We went the VP jug route when we started due to limited budget and Hunsaker cost. We've upgraded our VPs over time and don't see the need for Hunsakers at this point, but then we aren't in contention for a Class A or B win any time in the foreseeable future. If your budget is unrestricted, the Hunsakers are the way to go. Since you already have VPs, I have a few suggestions.
If you want to greatly speed up your VP jugs, look for 3/8" or 1/2" "through-hull brass fittings" on ebay or Amazon. They will flow far more air than the factory port. Use good fuel proof washers on both sides - Viton if you can find them, Nitrile would be second choice). Cheap washers won't seal for more than a couple of days and your jugs will leak next race. You can buy clear PVC hose at Lowe's or Home Depot. Put the vent pretty high up. Drilling the hole is easy, the hardest part is finding someone with small enough hands to reach inside the VP jug mouth with the inside of the jug part of the fitting and then getting a wrench on the fitting and ensuring the fitting is tight. An 18" to 24" vent hose can be bent down from the fitting and zip-tied to the handle. A vent tube from the inside fitting to the bottom of the jug will help, too. That smooths the airflow instead of having it bubble up through the gas. If you use the inside vent tube, be sure to loosen the stock vent cap slightly when the can is full and in the sun at the track - and of, course, tighten it completely before heading to the pit to fuel. Loosening the stock vent cap will prevent the can from pressurizing as it heats up in the sun and self-siphoning the fuel out of the can and into your drip pan or fuel wagon (speaking from experience).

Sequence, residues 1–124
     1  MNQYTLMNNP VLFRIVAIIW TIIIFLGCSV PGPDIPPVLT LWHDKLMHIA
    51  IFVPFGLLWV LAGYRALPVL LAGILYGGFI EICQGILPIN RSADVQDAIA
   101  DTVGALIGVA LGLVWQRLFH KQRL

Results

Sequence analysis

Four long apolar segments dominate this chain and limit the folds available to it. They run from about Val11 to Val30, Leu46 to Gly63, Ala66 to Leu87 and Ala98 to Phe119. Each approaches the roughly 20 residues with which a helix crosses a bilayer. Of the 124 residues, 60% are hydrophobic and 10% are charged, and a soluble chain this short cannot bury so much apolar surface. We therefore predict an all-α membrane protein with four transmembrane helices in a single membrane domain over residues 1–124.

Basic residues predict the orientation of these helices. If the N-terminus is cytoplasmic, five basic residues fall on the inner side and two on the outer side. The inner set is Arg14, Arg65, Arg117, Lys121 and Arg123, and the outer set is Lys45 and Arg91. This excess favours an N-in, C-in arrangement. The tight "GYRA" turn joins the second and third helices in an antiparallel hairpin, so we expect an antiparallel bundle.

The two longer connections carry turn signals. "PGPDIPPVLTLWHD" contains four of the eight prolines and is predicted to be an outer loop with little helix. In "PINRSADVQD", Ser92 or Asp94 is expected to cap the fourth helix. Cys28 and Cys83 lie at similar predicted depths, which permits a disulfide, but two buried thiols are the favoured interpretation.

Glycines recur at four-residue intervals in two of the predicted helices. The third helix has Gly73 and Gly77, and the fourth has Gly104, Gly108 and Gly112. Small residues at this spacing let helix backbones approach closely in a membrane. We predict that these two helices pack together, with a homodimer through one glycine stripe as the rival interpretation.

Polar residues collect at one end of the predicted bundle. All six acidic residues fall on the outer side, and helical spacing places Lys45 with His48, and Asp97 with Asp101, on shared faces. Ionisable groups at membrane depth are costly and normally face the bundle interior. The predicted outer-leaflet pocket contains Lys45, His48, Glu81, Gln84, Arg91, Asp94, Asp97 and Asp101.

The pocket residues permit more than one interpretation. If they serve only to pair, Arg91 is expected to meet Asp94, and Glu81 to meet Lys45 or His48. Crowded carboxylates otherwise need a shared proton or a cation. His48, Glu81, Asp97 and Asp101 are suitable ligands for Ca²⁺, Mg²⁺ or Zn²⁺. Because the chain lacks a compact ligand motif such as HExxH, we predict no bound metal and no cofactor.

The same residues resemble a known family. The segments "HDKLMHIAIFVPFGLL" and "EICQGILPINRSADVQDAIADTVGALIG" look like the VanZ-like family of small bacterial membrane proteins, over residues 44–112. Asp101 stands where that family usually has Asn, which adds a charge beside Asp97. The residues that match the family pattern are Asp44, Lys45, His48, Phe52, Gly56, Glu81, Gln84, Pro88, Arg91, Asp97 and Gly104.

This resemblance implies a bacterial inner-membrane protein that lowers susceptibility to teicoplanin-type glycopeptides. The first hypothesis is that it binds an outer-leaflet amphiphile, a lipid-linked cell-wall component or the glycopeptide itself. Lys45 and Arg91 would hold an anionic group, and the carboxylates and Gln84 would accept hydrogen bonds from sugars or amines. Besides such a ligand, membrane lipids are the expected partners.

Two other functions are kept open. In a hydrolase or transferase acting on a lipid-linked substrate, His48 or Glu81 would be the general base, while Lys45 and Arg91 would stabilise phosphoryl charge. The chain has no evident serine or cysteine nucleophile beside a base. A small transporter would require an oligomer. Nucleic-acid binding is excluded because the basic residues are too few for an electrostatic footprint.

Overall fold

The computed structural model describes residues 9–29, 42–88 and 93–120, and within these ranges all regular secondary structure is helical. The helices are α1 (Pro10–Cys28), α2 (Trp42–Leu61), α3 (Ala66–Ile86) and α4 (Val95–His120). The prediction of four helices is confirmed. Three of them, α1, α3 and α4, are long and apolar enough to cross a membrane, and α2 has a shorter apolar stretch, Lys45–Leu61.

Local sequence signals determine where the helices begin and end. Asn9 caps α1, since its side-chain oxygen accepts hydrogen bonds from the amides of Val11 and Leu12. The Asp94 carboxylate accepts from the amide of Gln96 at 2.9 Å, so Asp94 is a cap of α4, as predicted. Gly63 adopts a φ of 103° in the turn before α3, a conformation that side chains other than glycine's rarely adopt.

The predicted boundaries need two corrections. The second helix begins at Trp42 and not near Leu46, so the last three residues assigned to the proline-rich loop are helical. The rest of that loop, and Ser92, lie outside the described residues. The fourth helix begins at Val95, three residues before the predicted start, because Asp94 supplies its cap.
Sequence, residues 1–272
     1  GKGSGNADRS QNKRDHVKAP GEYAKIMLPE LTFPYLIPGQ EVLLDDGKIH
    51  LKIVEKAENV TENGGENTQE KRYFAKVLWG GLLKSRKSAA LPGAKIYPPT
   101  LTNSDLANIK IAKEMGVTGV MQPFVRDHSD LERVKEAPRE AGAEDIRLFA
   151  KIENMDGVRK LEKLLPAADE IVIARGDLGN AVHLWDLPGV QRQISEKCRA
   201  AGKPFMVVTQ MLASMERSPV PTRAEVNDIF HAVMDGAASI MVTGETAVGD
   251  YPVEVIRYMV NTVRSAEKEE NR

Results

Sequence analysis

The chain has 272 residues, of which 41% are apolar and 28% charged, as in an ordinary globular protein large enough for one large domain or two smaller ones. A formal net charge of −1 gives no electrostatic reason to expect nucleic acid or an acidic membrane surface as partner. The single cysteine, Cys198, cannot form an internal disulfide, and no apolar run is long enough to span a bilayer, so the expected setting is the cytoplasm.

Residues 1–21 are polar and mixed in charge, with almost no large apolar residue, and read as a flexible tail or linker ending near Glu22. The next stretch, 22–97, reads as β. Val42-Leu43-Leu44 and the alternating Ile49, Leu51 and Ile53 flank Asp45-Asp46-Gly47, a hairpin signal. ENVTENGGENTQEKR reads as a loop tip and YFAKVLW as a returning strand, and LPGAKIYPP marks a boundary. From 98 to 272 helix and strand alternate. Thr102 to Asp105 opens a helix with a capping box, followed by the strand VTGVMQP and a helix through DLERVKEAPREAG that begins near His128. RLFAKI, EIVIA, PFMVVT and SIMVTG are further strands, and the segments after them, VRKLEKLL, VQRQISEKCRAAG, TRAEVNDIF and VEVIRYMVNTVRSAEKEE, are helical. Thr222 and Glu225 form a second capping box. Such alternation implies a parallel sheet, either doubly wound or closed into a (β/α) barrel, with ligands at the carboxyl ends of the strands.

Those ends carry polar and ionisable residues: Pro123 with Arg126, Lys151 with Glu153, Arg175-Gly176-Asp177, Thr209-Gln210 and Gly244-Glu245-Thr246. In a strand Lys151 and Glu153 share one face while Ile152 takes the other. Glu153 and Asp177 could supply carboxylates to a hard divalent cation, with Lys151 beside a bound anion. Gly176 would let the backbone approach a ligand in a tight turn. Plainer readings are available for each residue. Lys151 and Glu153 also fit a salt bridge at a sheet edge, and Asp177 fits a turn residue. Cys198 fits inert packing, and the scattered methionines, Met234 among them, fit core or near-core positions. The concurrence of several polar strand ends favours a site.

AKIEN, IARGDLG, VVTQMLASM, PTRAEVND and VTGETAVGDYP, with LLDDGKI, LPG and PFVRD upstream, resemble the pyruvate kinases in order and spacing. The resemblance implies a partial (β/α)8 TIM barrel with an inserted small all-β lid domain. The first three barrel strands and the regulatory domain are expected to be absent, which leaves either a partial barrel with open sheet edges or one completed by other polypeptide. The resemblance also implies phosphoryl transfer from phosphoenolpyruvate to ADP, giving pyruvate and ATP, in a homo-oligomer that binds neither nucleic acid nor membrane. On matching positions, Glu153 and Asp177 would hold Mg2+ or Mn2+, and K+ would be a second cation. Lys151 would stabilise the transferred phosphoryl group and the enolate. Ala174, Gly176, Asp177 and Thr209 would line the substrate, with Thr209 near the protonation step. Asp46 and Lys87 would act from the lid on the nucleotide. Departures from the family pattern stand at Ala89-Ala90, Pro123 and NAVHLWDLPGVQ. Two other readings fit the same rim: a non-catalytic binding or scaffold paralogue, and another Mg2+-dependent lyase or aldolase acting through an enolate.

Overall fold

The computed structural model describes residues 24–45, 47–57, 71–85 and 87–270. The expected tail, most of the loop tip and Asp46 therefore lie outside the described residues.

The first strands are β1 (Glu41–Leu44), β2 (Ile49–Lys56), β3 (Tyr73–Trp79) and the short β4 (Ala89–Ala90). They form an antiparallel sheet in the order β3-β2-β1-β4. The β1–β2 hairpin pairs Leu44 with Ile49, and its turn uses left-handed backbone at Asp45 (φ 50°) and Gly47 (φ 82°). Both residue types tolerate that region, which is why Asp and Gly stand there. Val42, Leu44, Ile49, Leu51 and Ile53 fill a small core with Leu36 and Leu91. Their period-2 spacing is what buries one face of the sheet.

As mentioned, test with water, then dry out and test with gas in your daily driver or tow vehicle so you won't have surprises at the track. This is an easy mod, and will make a noticeable difference in your fueling.
You can gain even more time by going to a larger fuel tube/cap at some point in the future when you think it may further help your pit times. And by "further help your pit times" I mean after several races when your team has gotten a good handle on pitting duties, focus, and efficiency, because those areas are the real low-hanging fruit. You can bore out your fuel filler port with a hole saw to accept larger diameter fuel hoses and use larger through-hull fittings on the fuel jug caps. We did that and found a 1 1/4" inside diameter fuel hose flowed faster than our car's stock fuel system could accept due to it's plumbing and vent design, and had to back down to 1" filler hoses. Since the flow rate increases dramatically with the hose diameter, a 1" hose flows way more than a 3/4" hose does. However, don't get carried away on that end - I have heard rumors that Lemons may limit fuel hose diameters soon. I'd think that was aimed at the teams using 2" and 2 1/2" fillers in their fuel cells, but can't say for sure so don't rush on that mod.